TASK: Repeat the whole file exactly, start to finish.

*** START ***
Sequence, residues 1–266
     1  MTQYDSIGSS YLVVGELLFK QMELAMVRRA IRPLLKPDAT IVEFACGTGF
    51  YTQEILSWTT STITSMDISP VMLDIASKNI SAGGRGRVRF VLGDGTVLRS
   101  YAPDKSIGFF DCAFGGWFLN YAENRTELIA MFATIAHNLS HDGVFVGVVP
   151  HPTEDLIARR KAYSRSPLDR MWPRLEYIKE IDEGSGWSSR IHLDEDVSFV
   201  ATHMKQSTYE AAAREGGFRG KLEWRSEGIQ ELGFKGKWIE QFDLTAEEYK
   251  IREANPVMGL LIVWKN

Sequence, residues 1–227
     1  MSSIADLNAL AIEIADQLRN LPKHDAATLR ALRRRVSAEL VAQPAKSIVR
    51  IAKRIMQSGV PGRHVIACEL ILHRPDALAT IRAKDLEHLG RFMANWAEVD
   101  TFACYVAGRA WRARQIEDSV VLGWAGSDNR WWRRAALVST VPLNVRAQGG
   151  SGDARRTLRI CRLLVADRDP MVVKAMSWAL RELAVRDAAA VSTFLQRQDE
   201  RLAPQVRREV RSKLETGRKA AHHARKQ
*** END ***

Sequence, residues 1–266
     1  MTQYDSIGSS YLVVGELLFK QMELAMVRRA IRPLLKPDAT IVEFACGTGF
    51  YTQEILSWTT STITSMDISP VMLDIASKNI SAGGRGRVRF VLGDGTVLRS
   101  YAPDKSIGFF DCAFGGWFLN YAENRTELIA MFATIAHNLS HDGVFVGVVP
   151  HPTEDLIARR KAYSRSPLDR MWPRLEYIKE IDEGSGWSSR IHLDEDVSFV
   201  ATHMKQSTYE AAAREGGFRG KLEWRSEGIQ ELGFKGKWIE QFDLTAEEYK
   251  IREANPVMGL LIVWKN

Sequence, residues 1–227
     1  MSSIADLNAL AIEIADQLRN LPKHDAATLR ALRRRVSAEL VAQPAKSIVR
    51  IAKRIMQSGV PGRHVIACEL ILHRPDALAT IRAKDLEHLG RFMANWAEVD
   101  TFACYVAGRA WRARQIEDSV VLGWAGSDNR WWRRAALVST VPLNVRAQGG
   151  SGDARRTLRI CRLLVADRDP MVVKAMSWAL RELAVRDAAA VSTFLQRQDE
   201  RLAPQVRREV RSKLETGRKA AHHARKQ